Archetypes: Film: Review: ‘Wild Tales’ (2014)

Sony Pictures Classics

Sony Pictures Classics

Wild Tales (Relatos Salvajes), from Argentine director Damian Szifron, is a film of six stories, each one a tale about people getting even. Vengefulness and retaliatory measures, as responses to offensive acts, have been around since the beginning of time. And, if animals retaliated in bestial ways when their kill was poached, Szifron makes it clear there’s only a short distance that separates how humans and four-legged creatures even out the score.

Wild Tales’ featurettes are all dynamic gems, with characters fueled both by archetypal Mars anger at the affront, and deadly Plutonic you’ll-be-sorry-you-ever-did-this-to-me payback. The operative word here is deadly: many of the mini-movie’s characters’ intentions are indeed murderous.

In the first segment, which occurs on a plane in flight, the severity of retaliatory payback seems way more excessive than the wrongdoers’ past behavior warrants. The disconnect, however, sets up the premise that vengeance is dangerously irrational. From this point on, Szifron only ups the ante as Mars-related objects and activities – explosions, fiery outbursts, car crashes, and upheaval – spice up the undercurrent of Plutonic deadliness.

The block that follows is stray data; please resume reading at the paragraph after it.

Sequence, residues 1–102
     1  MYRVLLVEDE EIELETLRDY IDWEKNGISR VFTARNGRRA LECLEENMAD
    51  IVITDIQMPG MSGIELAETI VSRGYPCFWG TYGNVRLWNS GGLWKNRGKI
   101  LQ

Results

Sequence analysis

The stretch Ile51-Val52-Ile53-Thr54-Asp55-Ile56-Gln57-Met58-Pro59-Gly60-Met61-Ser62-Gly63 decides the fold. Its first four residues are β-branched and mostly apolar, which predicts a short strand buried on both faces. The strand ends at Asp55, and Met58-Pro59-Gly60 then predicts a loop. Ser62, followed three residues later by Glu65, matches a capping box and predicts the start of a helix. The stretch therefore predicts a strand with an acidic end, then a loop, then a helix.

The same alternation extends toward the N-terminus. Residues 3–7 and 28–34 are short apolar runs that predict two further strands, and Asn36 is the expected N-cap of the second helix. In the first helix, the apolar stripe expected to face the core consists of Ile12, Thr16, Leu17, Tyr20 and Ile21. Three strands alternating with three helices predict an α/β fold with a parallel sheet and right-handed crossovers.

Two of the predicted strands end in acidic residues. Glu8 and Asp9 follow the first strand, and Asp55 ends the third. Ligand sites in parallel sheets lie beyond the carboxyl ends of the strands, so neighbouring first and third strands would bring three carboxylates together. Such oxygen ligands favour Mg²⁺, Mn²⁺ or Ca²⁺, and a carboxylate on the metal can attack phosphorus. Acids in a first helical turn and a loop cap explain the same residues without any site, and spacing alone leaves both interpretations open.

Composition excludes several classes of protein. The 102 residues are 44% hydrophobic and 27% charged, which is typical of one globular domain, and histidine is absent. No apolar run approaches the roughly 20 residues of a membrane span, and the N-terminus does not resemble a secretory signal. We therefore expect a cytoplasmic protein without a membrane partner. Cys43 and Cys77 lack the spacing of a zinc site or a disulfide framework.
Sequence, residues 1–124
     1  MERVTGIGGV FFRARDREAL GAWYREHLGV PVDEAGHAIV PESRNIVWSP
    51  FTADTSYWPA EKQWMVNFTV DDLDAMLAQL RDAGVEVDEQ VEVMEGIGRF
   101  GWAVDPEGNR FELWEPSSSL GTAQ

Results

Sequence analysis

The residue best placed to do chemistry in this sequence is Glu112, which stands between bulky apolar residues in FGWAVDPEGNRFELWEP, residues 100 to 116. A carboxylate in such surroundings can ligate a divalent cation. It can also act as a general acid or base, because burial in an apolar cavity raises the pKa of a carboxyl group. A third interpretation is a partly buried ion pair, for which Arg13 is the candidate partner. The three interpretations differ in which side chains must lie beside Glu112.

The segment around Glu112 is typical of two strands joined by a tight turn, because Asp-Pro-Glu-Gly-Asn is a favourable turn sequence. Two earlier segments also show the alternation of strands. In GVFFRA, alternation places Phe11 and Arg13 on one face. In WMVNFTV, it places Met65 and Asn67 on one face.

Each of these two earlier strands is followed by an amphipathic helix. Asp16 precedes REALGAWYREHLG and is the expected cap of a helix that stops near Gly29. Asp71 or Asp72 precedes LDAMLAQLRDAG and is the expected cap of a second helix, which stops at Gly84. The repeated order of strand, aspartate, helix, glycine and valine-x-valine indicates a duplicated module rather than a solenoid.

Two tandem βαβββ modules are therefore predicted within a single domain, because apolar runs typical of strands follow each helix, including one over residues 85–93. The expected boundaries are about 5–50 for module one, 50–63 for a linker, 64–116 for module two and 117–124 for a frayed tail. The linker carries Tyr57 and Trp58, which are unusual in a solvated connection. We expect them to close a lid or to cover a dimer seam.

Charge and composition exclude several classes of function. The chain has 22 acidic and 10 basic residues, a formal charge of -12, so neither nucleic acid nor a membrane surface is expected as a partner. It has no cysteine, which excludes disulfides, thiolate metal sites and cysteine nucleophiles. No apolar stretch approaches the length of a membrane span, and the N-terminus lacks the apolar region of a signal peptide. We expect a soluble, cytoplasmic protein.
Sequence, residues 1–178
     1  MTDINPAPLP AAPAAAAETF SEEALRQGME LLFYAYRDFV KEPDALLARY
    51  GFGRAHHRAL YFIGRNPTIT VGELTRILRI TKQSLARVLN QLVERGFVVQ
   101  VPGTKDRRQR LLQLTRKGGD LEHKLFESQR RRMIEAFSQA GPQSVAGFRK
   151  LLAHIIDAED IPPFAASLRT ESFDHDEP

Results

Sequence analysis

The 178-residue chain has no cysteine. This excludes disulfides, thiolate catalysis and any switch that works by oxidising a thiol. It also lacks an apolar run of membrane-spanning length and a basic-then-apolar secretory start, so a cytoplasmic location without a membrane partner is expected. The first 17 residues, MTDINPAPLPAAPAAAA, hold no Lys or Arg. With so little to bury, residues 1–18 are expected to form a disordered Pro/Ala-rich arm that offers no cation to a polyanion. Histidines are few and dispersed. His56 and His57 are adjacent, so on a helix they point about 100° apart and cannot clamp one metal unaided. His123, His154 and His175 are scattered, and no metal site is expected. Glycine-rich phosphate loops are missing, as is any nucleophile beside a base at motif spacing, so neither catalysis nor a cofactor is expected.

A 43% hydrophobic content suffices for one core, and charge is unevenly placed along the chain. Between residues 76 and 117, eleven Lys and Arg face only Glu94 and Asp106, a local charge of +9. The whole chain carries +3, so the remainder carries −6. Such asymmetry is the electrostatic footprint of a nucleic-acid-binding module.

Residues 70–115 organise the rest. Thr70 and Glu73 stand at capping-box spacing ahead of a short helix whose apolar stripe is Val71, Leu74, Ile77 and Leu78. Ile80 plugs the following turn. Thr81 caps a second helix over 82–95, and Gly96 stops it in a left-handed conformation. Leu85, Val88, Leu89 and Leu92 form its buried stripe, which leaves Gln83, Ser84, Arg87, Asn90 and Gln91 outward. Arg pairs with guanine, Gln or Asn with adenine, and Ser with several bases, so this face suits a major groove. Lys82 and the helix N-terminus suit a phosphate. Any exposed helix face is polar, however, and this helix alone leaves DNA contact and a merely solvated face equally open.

A waitress in a rural eatery realizes a customer is a local gangster who drove her father to suicide, and the older female cook pushes for poisoning him. In another, one driver on a deserted highway takes the arrogant road manners of another driver very much to heart; through Mars’ association with motion and maleness, successive attempts at oneupmanship results in a remarkably eerie and poetic conclusion. And in another, a father trying to buy an alibi for his son, who’s been involved in a deadly hit-and-run car crash, turns the tables on his contractors.

The final segment, about a new bride who discovers that her groom has had sex with one of the wedding guests after the couple has taken their vows, is a comical and cutting look at female comeuppance and the bride’s deep desire to effect retribution at her own wedding reception.

However, the vignette with the best balance of interior and external incendiary dynamics is “Bombita.” Simon (Ricardo Darin) is unforgivably late getting to his young daughter’s birthday party because his car has been towed from a location without signage that it’s a no-parking area. The twist here is that Simon is an explosives expert. And his revenge against the towing, fines and bureaucratic idiocy involves using detonation, a physical expression of his internal powder keg.

Whether physical death is part of retaliatory measures, there is a loss – of one’s civility, relationship or innocence – and the horror that one has even contemplated such dark urges. When it comes to retribution, there are no victors.

Archetype: Revenger. Avenger. Retaliator. Vindictiveness. Retribution.

Astrology Archetype: ♂ ♇ (Mars, Pluto)

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